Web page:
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Los Angeles Public Transportation Map


Los Angeles’s Public Transportation gets a bad rap. Many of the city’s residents simply don’t use public transit: they prefer blazing their own trails in their cars. Some even remain ignorant of its existence. In spite of all of this indifference, the Los Angeles County Metropolitan Transportation Authority has worked hard to improve L.A.’s public transit system in the face of the perceived apathy of their constituency. We talked to public transit aficionado Per Sjofors, who’s lived in L.A. for more than 20 years, about the idiosyncrasies of L.A.’s public transit system and making the most of your ride.


LA public transit



The overall strength of the Los Angeles public transit system is certainly debated. Many swear it off entirely, citing a litany of concerns with the viability of the services provided as day-to-day options for transportation. Per commented on a “50 year plan” to improve the city’s transportation infrastructure. A recent expansion of the metro into downtown Santa Monica show the city’s intent to continue improving the city’s metro system. Today, though, Per recommends a few caveats to using the city’s public transportation system.

“If you move to Los Angeles, using public transit requires living in the zones where it exists.” Per tells us. Los Angeles is an expansive city which is not entirely covered by public transit. “Make sure where you live and your work is along the same public transport corridor.” In order to make sure your commute or trips for fun are realistic via public transportation, check your route beforehand to be sure it appears straightforward and simple. Per recommends using the Metro’s Trip Planner.

Public transit will be most useful for those located centrally. “Don’t be lured to live on the beach and work way in-land. Your only option will be driving.” Indeed, though the temptation exists to stay a stone’s throw away from one of Los Angeles’s relaxing beaches (some of the best places to take your dog in L.A.), west-side transit access still leaves a bit to be desired.  “Commute to the beach on the weekends. The water is alway freezing cold, so swimming is not really an option anyway.”

One major benefit to using public transit, especially in L.A., is its lack of traffic. L.A.’s infamous rush hours have been known to drive the usually calm into fits of rage. Commuting via train will eliminate the need to sit in traffic, at least for most of the route. There are some light rail lines that run along the street. If you have a bike, you can use it to ride to your station; bikes are welcome on the LA Metro and on certain buses, as we learned in our L.A. biking guide. After all, as Per reminds us, rain is pretty rare in Southern California.


Metrolink Los Angeles



Metro Link, L.A.’s commuter rail, has a longer reach than the Metro Rail, extending from Ventura to San Bernadino all the way down to San Diego County. These lines can be a useful transit option for commuters in less centralized areas. However, as Per will tell you, these lines have some shortcomings. For one, they travel pretty slowly - and make several stops along the way. It would certainly be faster and more convenient for most people to drive instead of riding the train - especially with infrequent schedules, as Per notes, and with many lines not running on weekends - only on Monday-Friday. Fares are available on a per-ride basis or in a monthly pass. On weekend days, riders can buy “weekend passes” - a 10$ ticket that’s valid all day on the MetroLink.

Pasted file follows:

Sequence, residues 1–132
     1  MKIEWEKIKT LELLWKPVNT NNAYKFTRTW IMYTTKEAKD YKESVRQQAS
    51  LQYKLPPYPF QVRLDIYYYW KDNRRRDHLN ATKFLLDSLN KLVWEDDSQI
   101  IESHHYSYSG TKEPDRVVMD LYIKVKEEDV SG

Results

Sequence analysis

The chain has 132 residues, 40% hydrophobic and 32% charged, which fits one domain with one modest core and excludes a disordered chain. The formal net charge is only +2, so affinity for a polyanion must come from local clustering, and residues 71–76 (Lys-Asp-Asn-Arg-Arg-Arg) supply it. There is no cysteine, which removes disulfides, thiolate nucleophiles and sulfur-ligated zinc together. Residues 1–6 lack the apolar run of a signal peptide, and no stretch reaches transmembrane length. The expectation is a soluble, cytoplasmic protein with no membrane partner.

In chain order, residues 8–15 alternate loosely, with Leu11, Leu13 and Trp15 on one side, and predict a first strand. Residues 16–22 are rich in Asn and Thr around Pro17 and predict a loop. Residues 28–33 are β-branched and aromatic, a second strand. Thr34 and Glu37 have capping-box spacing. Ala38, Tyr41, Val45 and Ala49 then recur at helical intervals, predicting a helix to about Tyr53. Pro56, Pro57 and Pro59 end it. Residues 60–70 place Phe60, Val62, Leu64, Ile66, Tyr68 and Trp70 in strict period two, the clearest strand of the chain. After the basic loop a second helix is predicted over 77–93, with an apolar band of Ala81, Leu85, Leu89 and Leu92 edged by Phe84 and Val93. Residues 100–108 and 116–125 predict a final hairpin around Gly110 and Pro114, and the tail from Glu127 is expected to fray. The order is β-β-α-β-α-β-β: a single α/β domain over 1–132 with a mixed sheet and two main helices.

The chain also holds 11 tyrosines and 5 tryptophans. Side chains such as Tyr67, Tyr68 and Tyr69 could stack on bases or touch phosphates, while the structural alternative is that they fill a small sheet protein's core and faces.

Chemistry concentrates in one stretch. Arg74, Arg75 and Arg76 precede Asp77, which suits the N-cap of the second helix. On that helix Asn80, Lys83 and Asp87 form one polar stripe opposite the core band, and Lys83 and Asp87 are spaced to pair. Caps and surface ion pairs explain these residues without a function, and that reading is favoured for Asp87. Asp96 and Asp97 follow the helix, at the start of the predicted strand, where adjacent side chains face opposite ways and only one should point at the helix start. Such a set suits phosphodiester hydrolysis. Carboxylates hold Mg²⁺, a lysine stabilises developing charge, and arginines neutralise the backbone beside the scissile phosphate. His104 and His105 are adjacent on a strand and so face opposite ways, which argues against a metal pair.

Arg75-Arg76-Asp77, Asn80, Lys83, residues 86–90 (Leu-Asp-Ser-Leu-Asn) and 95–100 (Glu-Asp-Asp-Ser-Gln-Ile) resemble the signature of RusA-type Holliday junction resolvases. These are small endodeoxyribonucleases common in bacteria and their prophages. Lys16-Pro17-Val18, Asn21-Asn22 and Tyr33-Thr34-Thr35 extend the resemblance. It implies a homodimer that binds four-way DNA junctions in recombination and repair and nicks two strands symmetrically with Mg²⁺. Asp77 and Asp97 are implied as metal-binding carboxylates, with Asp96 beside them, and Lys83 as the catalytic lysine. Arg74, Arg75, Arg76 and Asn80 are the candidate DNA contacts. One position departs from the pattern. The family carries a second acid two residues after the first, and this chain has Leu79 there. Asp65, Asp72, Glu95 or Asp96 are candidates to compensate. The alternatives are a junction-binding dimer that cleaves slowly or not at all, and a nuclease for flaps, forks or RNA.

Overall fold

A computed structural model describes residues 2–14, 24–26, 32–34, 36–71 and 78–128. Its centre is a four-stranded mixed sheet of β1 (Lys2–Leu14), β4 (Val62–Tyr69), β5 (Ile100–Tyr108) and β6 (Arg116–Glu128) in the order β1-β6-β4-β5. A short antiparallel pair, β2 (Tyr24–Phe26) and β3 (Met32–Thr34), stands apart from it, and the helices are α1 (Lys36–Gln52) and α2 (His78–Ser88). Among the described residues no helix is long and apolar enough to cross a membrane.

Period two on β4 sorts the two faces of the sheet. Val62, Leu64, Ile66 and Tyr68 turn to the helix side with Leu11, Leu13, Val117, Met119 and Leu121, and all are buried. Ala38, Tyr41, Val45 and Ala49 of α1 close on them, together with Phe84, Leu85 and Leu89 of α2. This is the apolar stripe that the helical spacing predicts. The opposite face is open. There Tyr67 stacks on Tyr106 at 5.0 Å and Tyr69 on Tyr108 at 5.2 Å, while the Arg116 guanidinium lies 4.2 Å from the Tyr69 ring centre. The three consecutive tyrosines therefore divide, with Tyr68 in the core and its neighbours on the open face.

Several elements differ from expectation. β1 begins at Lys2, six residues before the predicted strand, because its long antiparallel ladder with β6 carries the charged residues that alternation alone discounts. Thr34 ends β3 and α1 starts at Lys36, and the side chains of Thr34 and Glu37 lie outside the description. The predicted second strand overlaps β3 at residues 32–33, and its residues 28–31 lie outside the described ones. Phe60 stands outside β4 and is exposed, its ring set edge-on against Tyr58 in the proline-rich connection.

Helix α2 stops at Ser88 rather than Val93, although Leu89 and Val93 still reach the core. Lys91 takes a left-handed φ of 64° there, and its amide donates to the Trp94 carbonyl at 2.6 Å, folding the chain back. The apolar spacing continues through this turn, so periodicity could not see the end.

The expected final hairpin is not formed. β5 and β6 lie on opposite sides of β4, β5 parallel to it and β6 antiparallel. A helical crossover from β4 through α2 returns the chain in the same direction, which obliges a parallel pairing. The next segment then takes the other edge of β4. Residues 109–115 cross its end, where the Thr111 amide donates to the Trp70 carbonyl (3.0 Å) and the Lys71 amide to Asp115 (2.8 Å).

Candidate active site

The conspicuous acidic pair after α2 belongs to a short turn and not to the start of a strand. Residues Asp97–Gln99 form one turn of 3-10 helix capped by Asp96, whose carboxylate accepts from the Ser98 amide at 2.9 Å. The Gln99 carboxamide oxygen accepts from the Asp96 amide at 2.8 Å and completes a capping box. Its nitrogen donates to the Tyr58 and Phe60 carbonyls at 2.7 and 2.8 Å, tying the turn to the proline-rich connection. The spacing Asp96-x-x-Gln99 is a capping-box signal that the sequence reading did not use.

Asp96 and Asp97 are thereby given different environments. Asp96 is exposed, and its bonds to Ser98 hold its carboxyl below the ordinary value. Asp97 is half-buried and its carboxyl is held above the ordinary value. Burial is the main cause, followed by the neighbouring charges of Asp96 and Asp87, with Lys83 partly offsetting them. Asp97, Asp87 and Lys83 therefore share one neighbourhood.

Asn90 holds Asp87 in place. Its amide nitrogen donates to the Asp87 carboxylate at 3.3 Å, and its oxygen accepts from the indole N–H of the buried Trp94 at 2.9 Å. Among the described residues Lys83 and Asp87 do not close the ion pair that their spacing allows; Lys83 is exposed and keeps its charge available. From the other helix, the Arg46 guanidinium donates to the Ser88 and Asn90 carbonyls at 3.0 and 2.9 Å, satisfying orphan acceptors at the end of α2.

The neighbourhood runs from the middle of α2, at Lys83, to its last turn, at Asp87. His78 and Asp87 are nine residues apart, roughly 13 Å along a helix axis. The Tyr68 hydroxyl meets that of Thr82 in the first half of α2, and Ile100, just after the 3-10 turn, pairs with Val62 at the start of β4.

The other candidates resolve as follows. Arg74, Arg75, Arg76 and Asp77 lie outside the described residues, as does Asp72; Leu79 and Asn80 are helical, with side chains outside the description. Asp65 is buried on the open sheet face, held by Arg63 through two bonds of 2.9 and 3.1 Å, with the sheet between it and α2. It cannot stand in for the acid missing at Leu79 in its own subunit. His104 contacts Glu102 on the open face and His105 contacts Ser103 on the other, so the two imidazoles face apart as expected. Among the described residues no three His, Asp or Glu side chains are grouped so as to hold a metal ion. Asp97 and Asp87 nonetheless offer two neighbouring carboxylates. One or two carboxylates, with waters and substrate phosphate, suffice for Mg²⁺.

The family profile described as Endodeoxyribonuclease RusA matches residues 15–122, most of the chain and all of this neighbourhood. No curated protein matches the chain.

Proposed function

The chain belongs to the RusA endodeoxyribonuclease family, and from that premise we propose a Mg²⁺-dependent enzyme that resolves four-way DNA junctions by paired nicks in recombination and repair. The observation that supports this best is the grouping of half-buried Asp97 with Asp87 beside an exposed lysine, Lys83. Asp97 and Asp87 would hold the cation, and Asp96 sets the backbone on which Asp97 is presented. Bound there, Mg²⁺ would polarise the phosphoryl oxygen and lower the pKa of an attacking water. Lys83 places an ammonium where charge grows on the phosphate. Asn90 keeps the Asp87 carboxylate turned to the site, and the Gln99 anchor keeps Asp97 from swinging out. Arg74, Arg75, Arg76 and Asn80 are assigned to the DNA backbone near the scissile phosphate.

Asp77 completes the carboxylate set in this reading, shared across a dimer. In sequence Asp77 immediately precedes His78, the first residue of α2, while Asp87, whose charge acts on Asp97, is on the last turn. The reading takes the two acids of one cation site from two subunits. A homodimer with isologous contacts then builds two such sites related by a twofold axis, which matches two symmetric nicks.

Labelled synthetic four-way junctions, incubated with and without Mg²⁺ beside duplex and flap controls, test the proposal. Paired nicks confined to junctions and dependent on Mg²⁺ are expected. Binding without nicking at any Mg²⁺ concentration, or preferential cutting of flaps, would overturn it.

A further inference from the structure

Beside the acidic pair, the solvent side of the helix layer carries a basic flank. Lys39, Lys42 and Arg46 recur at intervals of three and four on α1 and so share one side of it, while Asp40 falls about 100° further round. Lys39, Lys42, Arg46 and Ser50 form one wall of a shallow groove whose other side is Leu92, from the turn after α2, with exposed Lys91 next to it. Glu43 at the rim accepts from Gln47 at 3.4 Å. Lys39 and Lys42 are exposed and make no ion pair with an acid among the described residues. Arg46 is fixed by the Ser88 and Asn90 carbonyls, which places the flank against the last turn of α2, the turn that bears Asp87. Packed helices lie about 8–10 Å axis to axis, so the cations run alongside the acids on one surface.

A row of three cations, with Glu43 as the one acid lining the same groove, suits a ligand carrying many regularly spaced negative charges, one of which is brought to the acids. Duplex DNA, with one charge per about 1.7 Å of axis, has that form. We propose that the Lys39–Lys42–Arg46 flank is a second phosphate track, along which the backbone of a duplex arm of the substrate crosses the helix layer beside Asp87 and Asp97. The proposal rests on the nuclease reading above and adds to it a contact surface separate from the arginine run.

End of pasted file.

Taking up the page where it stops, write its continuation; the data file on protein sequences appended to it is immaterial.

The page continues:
There are few qualms that people without cars can have about metrolink - so long as your goal is to get from one station to the other. Going somewhere around the stations or in-between them can be a different story. At several points on the various MetroLink lines, there are connections to the LA metro rail and bus systems and to some local Amtrak lines. However, in plenty of the areas MetroLink stops in, there is a lack of other reliable public transit available to transport people to adjacent areas.


LA Buses



Like in many other cities, L.A. uses buses as a way to fill in the cracks - that is, regions uncovered by other public transportation options. Most people who can avoid buses - as Per tells us, they can be congested, stuck in traffic, infrequent in circulation, and make frequent stops along their route. However, some buses offer vital transport to tough to reach places in the city - such as Dodger Stadium and LAX. The Los Angeles Metro Transit Authority has rolled out express buses under their “Metro Rapid” service which makes fewer stops, boards passengers quicker, and gets through traffic easier than the usual buses. With a huge amount of buses, routes and stations across the city, there is probably a bus route in your particular area that can be somewhat useful.


Affordable Public Transportation




As a public transport enthusiast, Per can give us many reasons why people should use the infrastructure provided to them to travel around. Mass transit is generally reliable, requires no parking, contains less risk of personal injury, is more environmentally friendly, etc. However, L.A.’s public transit system is ultimately not expansive and efficient enough for it to be plausibly used by everyone. The transit system does allow various fare options - 7-day passes for vacationers, monthly passes for commuters (with huge discounts available for students), and individual ride tickets ($1.75 per trip) for the occasional downtown traveler. If your lifestyle is more in sync with a public-transit based commute, keep that in mind before calling a Los Angeles moving company.

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